Saturday, July 19, 1975
THE MICHIGAN OAILY
Compied by news reports
Canadian civil rights groups have raised a storm of protest
over the removal of three foster children from the sustody of a
Prince Albert family and their adoption by a local couple.
A Saskatchewan ombudsman has been called in to mediate the
THE PRINCE Albert couple, Marc and Rita Doucette, will join
six of the concerned organizations in a caravan which will depart
Monday for Ann Arbor, protesting the Saskatchewan adoption
The three children, Geraldine, 9, Eileen, 10, and Harold, 11, are
Metis --- part Indian and part Caucasian -- and were consequently
classified as "hard to place" and were circulated with the Adop-
tion Resources Exchange of North America, which goes between
Canadian provinces and states.
Ms. Doucette said she and her husband had the orphans since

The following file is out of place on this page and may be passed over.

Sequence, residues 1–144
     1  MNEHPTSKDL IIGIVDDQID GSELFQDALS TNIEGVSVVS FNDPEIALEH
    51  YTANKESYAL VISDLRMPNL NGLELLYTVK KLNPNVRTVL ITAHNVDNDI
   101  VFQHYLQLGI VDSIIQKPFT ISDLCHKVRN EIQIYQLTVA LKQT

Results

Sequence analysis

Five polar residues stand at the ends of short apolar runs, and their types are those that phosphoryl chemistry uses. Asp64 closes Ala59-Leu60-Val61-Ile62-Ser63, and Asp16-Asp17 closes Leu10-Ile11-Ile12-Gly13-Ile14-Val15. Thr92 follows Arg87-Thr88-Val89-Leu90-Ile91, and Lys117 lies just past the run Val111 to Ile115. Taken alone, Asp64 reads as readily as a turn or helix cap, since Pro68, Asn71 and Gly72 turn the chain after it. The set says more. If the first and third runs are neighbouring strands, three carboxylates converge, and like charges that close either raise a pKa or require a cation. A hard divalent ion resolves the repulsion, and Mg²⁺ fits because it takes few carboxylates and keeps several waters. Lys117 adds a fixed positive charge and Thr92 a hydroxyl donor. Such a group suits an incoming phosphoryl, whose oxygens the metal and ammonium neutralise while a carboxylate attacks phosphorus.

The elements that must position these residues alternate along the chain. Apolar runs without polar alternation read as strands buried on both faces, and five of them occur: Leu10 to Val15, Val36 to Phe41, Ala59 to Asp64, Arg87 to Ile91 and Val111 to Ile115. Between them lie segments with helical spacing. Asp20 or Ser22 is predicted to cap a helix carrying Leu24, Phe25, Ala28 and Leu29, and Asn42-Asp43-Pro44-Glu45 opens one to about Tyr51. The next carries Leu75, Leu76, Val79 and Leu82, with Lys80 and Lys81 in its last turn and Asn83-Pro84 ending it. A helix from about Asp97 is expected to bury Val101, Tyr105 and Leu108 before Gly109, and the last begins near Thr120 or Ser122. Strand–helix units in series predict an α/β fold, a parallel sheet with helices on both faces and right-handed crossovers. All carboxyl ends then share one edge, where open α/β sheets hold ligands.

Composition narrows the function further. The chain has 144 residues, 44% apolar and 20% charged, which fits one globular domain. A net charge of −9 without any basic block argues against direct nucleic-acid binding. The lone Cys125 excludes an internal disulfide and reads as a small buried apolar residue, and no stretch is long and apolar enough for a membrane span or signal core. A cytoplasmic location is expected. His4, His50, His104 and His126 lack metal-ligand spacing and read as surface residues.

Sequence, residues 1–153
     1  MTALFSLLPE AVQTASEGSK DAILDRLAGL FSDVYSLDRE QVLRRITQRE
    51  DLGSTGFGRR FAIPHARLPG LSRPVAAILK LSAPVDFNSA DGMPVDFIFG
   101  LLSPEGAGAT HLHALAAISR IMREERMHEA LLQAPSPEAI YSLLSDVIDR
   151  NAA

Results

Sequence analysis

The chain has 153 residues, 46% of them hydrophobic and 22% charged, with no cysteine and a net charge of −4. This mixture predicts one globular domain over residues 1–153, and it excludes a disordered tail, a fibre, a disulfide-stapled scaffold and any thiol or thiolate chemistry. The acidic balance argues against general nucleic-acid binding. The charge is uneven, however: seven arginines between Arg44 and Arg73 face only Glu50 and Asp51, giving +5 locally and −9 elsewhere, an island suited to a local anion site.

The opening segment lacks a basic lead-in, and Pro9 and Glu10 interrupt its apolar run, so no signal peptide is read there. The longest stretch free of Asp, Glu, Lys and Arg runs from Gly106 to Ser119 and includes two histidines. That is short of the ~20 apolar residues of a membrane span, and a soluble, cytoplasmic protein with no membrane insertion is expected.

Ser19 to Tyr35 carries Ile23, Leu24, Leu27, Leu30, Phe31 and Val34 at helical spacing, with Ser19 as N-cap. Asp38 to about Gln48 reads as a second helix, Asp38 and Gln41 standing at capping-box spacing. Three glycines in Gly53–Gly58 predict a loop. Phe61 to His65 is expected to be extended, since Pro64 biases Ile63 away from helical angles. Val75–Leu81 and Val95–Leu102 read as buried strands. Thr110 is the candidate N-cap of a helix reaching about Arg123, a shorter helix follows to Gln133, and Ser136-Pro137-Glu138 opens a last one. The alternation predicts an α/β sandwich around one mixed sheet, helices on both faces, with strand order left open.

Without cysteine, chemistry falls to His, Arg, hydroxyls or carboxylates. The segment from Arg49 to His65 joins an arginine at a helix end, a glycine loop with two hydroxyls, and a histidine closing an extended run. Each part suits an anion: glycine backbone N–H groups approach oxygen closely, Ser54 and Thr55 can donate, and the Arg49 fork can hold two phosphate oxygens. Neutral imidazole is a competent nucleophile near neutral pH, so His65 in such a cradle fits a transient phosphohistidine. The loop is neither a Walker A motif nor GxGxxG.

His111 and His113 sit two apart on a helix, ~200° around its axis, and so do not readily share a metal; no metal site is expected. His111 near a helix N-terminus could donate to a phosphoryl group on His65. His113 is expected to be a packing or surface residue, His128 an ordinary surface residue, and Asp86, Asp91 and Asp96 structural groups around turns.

they were babies and have been "asking for two or three years to
BUT, IN JUNE a social worker told the children they were go-
ing to spend a few days at a nearby lake resort getting to know the
Ann Arbor couple, John and Mable Todd.
The children were then taken to live with the Todds who had
begun adoption proceedings one month earlier through the adoption
Ron Durocher, Vice-President of the Metis Society of Sas-
katchewan criticized the incident as "stealing, cultural genocide,
and sick bureaucratic block-headedness."
THOUGH reports from the province's social services depart-
ment admitted the Doucette home environment was "loving" and
the children were well provided for, the couple was denied per-
mission for adoption on the basis of their "minor" trouble with
their older foster children, one of whom had run away,
David Stewart, liberal member of the Prince Albert-Duck Lake
legislature, personally inspected the home and interviewed neigh-
bors. He determined that the difficulties with the older children
were in no way enough to justify the removal of the three younger
Troops redied for
possible postal strikez;
A song for my supper?
Folksinger Jo Mapes entertains the passersby In Chicago yesterday. The 40-year-old singer was
known for her songs about blues and bad times. At one point in her career she sang at Car-